An invaluable resource for writers, editors and publishers (including bloggers or self-publishers) is the American Society of Journalists and Authors. Since 1948, it’s been the country’s leading organization of independent nonfiction writers and is the leading experts on contract and copyright laws. Its Contracts Watch is invaluable, as are the many resources and the expert assistance it provides here.

According to Jack El-Hai, last year’s ASJA President, the medium in which an article is published has no bearing on whether the article receives copyright protection. Articles published online receive the same copyright protections as articles published in print or in all other media. The copyright laws allow authors, including bloggers, to control the use of their own work. Articles published online do not automatically enter the public domain.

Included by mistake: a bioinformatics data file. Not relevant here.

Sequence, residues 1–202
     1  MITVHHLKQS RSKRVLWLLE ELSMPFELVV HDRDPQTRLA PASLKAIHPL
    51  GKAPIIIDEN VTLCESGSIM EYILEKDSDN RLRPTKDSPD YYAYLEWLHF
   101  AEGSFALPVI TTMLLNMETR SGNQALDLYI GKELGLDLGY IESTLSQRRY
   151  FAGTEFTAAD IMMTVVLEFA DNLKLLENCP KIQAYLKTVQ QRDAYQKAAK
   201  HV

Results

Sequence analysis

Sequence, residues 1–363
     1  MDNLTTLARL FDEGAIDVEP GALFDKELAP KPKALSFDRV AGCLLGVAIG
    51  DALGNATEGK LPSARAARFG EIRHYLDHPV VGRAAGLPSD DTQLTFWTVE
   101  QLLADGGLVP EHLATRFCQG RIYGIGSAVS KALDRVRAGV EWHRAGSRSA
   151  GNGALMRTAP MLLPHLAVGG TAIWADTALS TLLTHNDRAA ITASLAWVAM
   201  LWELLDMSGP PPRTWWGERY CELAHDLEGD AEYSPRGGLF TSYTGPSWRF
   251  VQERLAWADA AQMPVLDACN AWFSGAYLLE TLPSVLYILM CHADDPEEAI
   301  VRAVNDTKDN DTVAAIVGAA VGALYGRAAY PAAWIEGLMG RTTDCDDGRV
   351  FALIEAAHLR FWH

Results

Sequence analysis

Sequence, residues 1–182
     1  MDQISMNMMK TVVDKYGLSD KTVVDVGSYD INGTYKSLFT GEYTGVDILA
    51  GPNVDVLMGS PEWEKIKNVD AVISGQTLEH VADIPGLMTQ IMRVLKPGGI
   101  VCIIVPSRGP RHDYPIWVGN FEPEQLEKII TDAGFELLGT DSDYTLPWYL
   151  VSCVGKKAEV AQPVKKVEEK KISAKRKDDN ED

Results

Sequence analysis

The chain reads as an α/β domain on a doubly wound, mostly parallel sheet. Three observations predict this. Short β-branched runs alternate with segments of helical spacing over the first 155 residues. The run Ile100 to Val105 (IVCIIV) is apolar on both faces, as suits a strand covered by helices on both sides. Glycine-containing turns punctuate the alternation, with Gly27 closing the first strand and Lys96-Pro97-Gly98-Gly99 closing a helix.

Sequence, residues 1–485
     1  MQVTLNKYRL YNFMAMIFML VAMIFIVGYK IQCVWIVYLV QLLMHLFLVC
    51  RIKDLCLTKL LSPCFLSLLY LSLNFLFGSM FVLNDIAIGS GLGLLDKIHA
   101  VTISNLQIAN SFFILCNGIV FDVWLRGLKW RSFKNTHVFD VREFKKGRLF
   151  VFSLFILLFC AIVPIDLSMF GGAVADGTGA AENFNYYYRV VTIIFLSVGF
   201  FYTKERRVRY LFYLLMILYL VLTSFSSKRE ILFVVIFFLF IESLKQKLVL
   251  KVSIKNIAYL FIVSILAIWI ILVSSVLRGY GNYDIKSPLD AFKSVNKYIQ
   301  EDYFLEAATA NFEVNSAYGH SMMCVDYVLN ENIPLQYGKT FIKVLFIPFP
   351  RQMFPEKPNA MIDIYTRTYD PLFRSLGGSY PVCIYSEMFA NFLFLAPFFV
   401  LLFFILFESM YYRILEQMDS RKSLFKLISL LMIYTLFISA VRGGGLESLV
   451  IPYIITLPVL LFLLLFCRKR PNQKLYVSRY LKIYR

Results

The fair use provisions of copyright law (Title 17) are greatly misunderstood, he said, and are often intentionally misrepresented by copyright crooks. There are also limits on what qualifies as educational use. Colleges and universities, for example, must pay copyright royalties for materials used in photocopied course packs. For the Copyright Office's explanation of fair use, see here.

Any website that reuses copyrighted materials without permission is in violation of the Digital Millennium Copyright Act of 1998, which allows an author to demand the ISP to shut off the webpages where the material has been reused and the author fails to remove it. For details, see the DMCA law. See “Example of DMCA Takedown Provision," here, to learn how to write a demand letter.